10. Matisyahu – Light (Release Date: August)
What is not to like about an Orthodox Hasidic Jew as a reggae artist? His last album, 2006’s Youth was an interesting piece of work that even someone like me who is fairly ignorant about both the music style and the branch of Judaism’s tree from which this came can appreciate and really enjoy it.
9. Dinosaur Jr. – Farm (Rlease Date: June)
For more than two decades J. Mascis’ band has been trucking along beneath the surface, creating some of the most incredible noises to be found in the music industry. After finding some success in two minor hits (remember Keep Choppin’ and Feel the Pain?) in the early 90’s, the band again slipped into obscurity. But the band with the prehistoric moniker never quit and their last release, 2007’s Beyond, was a much-needed blast from the past, with the fuzzy distortion of J. Mascis’ guitar and his Neil Young-like vocals helping the band again find their groove. If this one is anywhere near that level of greatness, it could be among the year’s best.
8. Alice in Chains – Black Give Way to Blue (Release Date: September)
With their first album in 14 years, Jerry Cantrell & Co. are finally looking to bounce back from the 2002 death of singer and founding member Layne Staley, this time fronted by William DuVall. I had the chance to see them live last year and, let me tell you, they still rocked. Hard. There are few bands that survive and thrive after the departure of such an important member, so it will remain to be seen how they will fare in today’s music environment. But, as a fan from the early days, I’m hoping their comeback will be one for the ages.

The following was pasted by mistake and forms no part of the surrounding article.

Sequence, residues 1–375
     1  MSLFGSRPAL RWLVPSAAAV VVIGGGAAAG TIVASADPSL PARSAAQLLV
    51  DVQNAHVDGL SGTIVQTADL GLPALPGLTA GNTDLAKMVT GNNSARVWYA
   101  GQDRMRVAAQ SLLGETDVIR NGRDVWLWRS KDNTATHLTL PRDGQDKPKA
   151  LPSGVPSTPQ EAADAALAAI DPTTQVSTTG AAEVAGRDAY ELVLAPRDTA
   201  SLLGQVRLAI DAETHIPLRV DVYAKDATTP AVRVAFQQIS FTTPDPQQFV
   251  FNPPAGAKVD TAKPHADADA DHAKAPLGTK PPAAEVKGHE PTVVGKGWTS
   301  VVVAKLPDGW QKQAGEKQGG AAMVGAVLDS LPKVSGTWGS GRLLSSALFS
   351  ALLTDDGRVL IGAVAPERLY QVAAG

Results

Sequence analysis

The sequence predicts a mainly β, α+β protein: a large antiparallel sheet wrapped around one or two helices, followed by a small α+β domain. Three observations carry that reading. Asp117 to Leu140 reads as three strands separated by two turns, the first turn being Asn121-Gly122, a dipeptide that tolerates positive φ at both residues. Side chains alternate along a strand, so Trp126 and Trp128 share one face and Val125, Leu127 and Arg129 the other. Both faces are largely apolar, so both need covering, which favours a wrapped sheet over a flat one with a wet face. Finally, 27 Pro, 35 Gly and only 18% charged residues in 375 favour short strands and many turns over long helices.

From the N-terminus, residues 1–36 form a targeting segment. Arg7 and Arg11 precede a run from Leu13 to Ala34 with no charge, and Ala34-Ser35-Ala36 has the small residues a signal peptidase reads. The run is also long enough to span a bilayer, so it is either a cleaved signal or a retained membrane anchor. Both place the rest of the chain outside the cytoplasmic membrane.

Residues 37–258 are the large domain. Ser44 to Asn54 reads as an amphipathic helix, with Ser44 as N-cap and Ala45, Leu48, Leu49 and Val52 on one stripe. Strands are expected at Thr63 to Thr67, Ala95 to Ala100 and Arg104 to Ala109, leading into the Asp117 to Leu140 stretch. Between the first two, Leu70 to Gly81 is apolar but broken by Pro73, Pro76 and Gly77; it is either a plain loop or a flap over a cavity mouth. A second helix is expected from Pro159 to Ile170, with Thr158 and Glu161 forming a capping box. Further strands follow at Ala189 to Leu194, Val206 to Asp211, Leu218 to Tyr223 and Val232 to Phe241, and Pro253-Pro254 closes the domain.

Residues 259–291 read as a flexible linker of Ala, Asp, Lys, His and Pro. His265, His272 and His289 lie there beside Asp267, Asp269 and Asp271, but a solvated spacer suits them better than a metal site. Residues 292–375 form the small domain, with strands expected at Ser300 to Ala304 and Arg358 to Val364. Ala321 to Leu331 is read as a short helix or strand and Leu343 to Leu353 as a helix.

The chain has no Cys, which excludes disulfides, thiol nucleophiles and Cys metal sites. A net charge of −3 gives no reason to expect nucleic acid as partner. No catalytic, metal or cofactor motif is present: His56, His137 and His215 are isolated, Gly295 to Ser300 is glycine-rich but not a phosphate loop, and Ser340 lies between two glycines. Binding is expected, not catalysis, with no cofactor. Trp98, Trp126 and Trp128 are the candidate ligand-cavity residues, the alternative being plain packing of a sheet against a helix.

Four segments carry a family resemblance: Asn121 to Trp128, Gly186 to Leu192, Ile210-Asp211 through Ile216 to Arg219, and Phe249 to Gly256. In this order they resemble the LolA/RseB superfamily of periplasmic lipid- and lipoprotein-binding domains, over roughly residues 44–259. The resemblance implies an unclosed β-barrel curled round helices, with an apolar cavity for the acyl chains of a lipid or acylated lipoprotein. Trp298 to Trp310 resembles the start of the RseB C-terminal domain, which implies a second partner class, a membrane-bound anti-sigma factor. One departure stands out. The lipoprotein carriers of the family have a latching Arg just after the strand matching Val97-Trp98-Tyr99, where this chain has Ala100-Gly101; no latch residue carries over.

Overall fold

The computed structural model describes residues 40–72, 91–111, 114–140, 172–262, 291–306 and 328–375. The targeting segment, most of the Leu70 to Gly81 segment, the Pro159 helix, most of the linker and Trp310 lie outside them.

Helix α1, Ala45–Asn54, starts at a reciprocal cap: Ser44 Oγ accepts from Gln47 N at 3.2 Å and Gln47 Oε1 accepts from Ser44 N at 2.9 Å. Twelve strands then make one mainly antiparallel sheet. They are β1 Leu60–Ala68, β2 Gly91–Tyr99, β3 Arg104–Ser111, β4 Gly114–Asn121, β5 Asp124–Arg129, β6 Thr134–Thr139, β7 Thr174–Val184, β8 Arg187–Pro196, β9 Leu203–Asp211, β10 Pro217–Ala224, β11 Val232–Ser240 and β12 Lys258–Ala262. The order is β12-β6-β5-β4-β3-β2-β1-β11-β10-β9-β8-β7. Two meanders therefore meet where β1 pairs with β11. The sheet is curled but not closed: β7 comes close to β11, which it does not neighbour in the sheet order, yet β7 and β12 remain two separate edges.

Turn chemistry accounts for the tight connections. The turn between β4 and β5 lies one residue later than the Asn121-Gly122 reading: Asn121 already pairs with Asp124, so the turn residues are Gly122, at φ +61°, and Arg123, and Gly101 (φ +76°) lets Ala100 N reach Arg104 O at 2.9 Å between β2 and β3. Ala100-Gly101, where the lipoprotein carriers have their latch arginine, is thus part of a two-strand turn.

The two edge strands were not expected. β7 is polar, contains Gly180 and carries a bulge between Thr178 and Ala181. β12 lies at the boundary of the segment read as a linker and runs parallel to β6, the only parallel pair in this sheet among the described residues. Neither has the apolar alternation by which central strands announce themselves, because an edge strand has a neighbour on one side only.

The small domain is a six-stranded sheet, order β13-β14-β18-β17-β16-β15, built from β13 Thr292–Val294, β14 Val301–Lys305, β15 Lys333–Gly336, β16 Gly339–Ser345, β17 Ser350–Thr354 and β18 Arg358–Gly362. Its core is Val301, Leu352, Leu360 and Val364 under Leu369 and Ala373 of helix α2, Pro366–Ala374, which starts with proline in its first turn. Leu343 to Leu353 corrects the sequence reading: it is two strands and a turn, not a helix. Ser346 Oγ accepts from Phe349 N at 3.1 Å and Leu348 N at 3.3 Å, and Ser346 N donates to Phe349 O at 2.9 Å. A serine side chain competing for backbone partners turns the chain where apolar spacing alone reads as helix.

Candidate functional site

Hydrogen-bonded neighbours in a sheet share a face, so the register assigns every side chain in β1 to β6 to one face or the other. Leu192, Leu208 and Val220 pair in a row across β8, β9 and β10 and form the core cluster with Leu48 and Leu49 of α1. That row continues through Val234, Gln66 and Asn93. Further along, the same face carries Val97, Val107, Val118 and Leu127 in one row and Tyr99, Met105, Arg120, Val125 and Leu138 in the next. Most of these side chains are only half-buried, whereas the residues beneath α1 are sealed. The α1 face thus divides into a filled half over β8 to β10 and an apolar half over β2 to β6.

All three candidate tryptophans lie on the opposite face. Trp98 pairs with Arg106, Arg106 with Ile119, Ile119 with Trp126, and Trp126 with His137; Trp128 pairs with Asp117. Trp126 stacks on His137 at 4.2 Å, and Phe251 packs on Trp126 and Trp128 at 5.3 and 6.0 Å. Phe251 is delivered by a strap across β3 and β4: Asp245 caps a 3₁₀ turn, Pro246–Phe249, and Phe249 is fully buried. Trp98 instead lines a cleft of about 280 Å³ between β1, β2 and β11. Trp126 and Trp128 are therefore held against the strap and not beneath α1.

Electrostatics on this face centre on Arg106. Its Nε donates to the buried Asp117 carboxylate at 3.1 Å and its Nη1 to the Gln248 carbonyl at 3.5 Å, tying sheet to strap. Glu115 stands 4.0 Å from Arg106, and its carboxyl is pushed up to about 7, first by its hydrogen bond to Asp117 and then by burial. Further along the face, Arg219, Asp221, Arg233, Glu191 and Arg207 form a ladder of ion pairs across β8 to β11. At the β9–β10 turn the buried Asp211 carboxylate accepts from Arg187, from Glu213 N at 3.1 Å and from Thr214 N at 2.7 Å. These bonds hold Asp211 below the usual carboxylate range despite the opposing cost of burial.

7. Coldplay – untitled (Release Date: November)
Sure, the band plays safe, radio-friendly tunes devoid of anything too challenging that are custom-built to appeal to the masses, but, despite my outright music snobbery, I can’t help but like them. Their songs are catchy and stadium-ready, with sound that many compare to an early U2 without those pesky social causes or, frankly, too much thoughtfulness. Nevertheless, they almost always make for a good listen and I’m sure this will be gracing my Ipod soon after its release.
6. Beastie Boys – Hot Sauce Committee (Release Date: September)
After nearly a quarter century, the Beasties just keep trucking on, despite the fact that they likely used up most of their inventiveness on their classic albums from the 1980’s and early 90’s (Seriously, Paul’s Boutique is one of the greatest collections ever recorded). 2004’s To the 5 Boroughs was a fine return to form, but it was apparent that their well of creativity may be running dry. This album doesn’t need to be a music landmark, though, it will no doubt continue their legacy of enjoyable white boy hip-hop.
5. The Avett Brothers – I and Love and You (Release Date: August)